Furohes, for appellants.

Folk, c& Armfield, con tra.

*454RodmaN, J.

As the Judge instructed the jury to find a verdict for the defendant, he must be taken to have decided that there was no evidence of a sale of the goods to the plaintiff, Where there is <my evidence to support a plaintiffs claim, it is the duty of the Judge to submit the question to a jury, who are the exclusive judges of its weight. This doctrine must have been a part of the law from the earliest times at which the respective functions of the Judge and jury were discriminated. The earliest distinct expression of it that I know of was by Bulleb, J., in Company of Carpenters, &c., 1 Doug. 875. Where there be any evidence is a question for the Judge. Whether sufficient evidence is for the jury.”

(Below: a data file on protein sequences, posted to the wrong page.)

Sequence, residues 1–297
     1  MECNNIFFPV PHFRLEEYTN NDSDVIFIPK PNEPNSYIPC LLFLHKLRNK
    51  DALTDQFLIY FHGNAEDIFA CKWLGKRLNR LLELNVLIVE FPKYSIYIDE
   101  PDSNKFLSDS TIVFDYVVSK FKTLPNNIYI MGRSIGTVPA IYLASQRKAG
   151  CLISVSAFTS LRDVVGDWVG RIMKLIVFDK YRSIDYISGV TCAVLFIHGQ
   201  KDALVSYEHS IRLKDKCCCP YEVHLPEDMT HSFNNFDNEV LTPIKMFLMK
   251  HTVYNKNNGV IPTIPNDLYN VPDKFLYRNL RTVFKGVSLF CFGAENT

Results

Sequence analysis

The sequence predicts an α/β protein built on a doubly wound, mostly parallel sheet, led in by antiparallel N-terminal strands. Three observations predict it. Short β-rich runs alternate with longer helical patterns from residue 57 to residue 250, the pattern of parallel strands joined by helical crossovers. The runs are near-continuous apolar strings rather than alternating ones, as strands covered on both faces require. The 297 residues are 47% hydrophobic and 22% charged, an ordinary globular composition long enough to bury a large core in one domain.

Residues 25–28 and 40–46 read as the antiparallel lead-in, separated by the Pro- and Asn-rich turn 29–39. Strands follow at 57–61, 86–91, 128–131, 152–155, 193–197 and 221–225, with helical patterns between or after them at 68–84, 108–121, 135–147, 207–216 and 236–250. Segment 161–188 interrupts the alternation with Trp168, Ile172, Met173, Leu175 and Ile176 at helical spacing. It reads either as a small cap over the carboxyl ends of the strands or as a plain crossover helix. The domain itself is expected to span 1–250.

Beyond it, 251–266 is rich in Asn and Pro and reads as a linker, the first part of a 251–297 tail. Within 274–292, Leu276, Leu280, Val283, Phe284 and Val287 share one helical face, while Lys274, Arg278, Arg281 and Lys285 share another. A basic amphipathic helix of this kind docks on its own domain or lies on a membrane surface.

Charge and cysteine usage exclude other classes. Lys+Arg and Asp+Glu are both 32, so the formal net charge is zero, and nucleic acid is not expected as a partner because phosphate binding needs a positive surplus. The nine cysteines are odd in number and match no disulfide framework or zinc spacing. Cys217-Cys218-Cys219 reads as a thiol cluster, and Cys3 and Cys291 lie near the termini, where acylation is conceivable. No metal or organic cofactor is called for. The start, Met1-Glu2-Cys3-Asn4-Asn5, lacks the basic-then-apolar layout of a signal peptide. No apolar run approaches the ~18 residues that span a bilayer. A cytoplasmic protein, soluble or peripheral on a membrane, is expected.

Since then it has been repeated innumerable times. Of course, after a while it became a question as to what was the meaning of the phrase, “ any evidence.” Did it mean the slightest scintilla of evidence, or such only as that from which a jury might reasonably infer the existence of the alleged fact. The latter view has been adopted in this State and in England, and so far as my researches have extended, in other States generally. This was the view taken by this Court in State v. Vinson, 63 N. C. Rep. 335, upon the authorities there cited. In addition to those are the following eases in this State, which speak an uniform language: Jordan v. Lassiter, 6 Jones 130; State v. Revels, Busb. 200; Sutton v. Madre, 2 Jones 320; Cobb v. Fogleman, 1 Ired. 440.